After all, in a world where national identity is not meant to matter, Gibraltar's politicians speak of little else. European integration is founded on a belief that national loyalties are temporary and transient, quickly to be discarded in favour of the benefits of living in a bigger state. Simply by existing, Gibraltarians make a mockery of this entire philosophy. Through decades of bullying and harassment by their larger neighbour, they have clung steadfastly to their British identity. Neither threats nor enticements have served to make them think differently about who they are. In the final analysis, they would choose to be poor but free.

To New Labour modernisers, as to our bien pensant diplomats, such thinking is anathema. It is hard to avoid the suspicion that, even if Spain did not claim the territory, they would be keen to get rid of it. With its fish-and-chip shops, its union-jack hats, its provincial inhabitants, it represents everything they hate about their own country. To have 30,000 members of the forces of conservatism under their jurisdiction is bad enough. The idea that these people might actually impede a deal with one of our European partners over agricultural prices or whatever is simply horrifying to them.

Last month, I participated in a debate in Oxford against a very senior British Eurocrat. As we lingered over our port after dinner, he leaned back in his chair and asked, theatrically, "why is it that everyone seems to want a solution to the Gibraltar problem except the Gibraltarians?"

"What do you mean 'problem'?"

"You know: the Gibraltar problem. We can't let one issue like this hold up our other interests in Europe".

Note the interesting use of the word "problem". If Britain chose to make a unilateral claim on, say, Sicily, would this create a "Sicily problem", with consequent pressure on the Italian Government to meet us half way? If I took a fancy to my neighbour's car, would he be expected to let me use it on certain days of the week in the interests of "reaching a solution"? For Britain's legal claim is guaranteed in a watertight treaty, and bolstered by the near unanimous support of the population who, in 1967, voted by 12,138 to 44 to remain British.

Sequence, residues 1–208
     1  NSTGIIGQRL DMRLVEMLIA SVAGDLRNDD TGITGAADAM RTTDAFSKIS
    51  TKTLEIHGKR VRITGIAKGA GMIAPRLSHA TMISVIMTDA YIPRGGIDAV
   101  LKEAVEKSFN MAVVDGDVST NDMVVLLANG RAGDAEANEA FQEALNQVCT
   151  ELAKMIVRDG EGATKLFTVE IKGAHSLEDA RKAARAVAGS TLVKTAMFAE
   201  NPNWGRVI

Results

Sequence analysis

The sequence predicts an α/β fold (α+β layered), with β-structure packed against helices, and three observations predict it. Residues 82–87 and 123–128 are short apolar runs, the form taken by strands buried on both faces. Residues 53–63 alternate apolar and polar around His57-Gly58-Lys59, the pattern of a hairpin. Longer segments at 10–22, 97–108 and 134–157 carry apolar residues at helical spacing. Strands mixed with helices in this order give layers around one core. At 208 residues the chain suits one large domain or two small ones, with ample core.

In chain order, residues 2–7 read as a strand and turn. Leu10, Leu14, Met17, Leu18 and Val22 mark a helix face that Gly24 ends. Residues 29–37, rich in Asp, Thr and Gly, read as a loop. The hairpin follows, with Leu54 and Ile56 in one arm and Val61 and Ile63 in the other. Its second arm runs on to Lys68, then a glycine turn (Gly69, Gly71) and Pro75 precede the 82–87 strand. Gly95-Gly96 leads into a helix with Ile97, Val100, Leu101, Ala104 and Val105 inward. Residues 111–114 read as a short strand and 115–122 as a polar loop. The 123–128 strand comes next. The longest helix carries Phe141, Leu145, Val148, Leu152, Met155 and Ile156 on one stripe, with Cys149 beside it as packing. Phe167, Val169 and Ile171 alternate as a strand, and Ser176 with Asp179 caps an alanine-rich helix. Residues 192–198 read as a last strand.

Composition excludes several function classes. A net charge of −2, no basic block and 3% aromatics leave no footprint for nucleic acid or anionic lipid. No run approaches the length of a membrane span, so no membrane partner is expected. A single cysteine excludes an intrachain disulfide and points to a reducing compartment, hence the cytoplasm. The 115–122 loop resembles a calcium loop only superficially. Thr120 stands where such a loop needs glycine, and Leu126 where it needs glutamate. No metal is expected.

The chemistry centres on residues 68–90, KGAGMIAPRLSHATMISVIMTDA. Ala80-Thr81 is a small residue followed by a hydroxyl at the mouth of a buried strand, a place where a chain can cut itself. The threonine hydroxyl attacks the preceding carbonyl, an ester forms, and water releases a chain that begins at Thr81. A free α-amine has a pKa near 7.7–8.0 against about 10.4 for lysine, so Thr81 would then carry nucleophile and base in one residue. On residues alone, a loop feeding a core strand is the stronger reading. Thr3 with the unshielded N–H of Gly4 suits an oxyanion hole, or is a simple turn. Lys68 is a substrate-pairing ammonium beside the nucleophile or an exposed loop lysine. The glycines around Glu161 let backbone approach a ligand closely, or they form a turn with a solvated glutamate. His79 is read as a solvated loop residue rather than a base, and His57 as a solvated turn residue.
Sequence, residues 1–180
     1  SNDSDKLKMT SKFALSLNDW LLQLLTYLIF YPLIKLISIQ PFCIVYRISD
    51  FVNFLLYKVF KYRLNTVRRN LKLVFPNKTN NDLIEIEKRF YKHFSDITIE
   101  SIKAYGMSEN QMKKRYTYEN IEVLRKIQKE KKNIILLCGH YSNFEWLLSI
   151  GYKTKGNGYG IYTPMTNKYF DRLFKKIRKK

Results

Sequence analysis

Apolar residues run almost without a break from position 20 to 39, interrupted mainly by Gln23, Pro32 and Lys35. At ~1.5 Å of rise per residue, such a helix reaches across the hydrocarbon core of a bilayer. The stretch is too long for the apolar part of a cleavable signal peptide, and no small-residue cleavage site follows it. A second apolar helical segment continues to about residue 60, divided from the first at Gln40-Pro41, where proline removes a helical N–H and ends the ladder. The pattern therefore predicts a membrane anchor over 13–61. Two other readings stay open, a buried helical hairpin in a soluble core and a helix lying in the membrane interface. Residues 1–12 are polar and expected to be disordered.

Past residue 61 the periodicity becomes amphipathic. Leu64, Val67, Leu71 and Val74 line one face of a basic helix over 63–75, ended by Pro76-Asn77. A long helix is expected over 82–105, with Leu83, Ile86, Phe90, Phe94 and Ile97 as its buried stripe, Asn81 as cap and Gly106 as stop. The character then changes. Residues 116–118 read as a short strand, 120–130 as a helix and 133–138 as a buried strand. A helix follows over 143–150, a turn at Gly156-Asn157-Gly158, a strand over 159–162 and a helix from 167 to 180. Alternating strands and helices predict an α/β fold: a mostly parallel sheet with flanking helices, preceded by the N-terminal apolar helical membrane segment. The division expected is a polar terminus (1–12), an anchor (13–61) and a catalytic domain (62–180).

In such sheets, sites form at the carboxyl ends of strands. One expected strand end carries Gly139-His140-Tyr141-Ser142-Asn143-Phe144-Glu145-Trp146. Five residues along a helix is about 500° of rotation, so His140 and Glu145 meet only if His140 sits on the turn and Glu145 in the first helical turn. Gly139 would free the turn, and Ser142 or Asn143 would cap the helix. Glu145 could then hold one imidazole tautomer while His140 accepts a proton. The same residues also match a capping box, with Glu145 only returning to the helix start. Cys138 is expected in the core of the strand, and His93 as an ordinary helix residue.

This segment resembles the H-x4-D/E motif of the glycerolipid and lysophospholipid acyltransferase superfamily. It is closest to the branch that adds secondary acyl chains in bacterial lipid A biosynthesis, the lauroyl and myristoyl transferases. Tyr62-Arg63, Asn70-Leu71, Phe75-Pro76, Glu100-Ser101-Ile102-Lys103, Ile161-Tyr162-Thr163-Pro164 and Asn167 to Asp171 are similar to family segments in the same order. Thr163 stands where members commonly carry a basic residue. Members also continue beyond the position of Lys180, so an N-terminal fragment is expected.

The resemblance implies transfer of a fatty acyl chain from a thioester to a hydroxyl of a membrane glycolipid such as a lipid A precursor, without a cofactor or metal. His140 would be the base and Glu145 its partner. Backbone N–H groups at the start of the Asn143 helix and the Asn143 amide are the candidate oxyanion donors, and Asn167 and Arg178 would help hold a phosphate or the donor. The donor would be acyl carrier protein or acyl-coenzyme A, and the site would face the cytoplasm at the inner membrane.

Even in its own terms, the argument that Britain stands to gain from a "solution'' is spurious. After all, we were members of the EU for a full 13 years before Spain was admitted. Spain, consequently, was not able to join without Britain's permission. One of the issues on the table during the accession talks was the status of Gibraltar, which Spain was obliged to accept as an EU member with full rights. Are we really to believe that, at a time when we held all the negotiating cards, we deliberately betrayed Gibraltar's interests? If so, what does this tell us about the Foreign Office? And if not, what is it that Spain is meant to be offering us now? For the extraordinary thing about the appeasers' argument is that they are unable to name any specific, concrete advantages that would come to Britain if we gave in to Madrid. We are being asked to betray our Gibraltarian countrymen in return for that most nebulous of Euro-phile concepts, "influence".

The truth is that, for many in this administration, jettisoning Gibraltar is an end in itself. If Madrid happens to put something on the table in return, fine. But one feels that Labour would still seek to withdraw from the Rock, even if they had to pay Madrid to take it. The only thing that stands in their way is the stubborn loyalty of the Gibraltarians themselves. Our countrymen on the Rock are displaying a steadfastness and a belief in freedom that we in the UK seem to be in danger of forgetting. It may be out of place in Labour's Britain. It may be awkward. But it is the last defence they have.